The US government has bailed out Fannie Mae and Freddie Mac. The market now seems to view Lehman Brothers and Washington Mutual as next in line, with possibly more to come. It is time for the authorities to step back. Further such rescues should be avoided like the plague. It is the job of a government to save the financial system, not individual institutions. What has been done so far should be enough.
Yes, banks are going through tough times. The loss of shareholder value in Fannie and Freddie adds to losses from exposure to the housing market and consumer debt. The settling of the credit default swaps on the two mortgage giants may also be messy. Raising fresh capital is also increasingly difficult. This is not surprising, however, given how bad news has kept dribbling out.
Yet a sudden failure, such as that of Bear Stearns in March, seems unlikely, since liquidity is assured by the Federal Reserve’s decision to open the discount window to investment banks. This is buying damaged institutions time needed to come up with a private sector solution. That is what they must seek.
Apart from offering short-term liquidity, the Fed and the Treasury should remain on the sidelines. It is not obvious how they could help a bank such as Lehman, other than by injecting equity. It is even less obvious why they should.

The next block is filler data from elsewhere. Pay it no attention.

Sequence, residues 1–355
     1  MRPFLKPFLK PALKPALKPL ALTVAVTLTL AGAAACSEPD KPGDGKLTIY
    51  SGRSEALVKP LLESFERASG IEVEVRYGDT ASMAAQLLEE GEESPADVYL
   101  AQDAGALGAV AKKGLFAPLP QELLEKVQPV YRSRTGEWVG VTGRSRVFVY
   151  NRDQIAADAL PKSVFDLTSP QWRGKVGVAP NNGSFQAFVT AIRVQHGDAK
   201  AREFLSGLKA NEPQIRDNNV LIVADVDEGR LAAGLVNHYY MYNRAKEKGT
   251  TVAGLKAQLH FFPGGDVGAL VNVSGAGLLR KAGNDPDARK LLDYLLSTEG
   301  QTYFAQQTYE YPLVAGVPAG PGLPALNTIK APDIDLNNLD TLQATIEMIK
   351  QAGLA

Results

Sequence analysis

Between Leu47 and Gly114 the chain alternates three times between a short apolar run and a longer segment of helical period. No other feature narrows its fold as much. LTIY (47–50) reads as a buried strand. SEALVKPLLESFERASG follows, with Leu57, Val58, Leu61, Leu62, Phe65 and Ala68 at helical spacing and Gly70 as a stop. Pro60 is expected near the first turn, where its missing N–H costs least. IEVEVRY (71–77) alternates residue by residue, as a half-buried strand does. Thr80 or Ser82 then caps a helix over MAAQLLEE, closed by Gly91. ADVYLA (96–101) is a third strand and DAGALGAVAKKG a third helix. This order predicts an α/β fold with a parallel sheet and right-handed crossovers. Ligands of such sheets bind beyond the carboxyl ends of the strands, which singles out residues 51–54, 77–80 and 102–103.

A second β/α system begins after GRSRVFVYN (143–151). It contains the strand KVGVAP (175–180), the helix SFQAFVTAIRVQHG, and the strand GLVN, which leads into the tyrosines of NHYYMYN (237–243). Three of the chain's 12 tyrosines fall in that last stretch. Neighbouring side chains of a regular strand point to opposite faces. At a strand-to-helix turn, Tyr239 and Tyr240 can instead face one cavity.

The government was right, however, to bail out Fannie and Freddie. Their failure would have been a disaster for housing finance. Given their scale and the implicit government guarantees of their debt, failure would indeed have had systemic consequences. Yet this is not true for other US institutions.
The authorities now need to draw a line. Provided the system as a whole is kept functioning, weak institutions must be allowed to fail, as part of the ongoing adjustment. Equity holders have suffered in previous bail-outs, but creditors should also lose where banks prove insolvent. In the case of commercial banks, the Federal Deposit Insurance Corporation takes charge. No such scheme exists for investment banks. But, having addressed market panic, through the provision of short-term liquidity, orderly wind-ups must be allowed, where needed.
It is only if house prices fall much further and losses mount to enormous magnitudes that the authorities might have to contemplate a fiscal bail-out, as in Japan and Sweden in the 1990s. Fortunately, from what one can identify at present, the US financial system is a long way from that. An accommodative monetary policy and an aggressive fiscal policy is as much as markets should now hope for.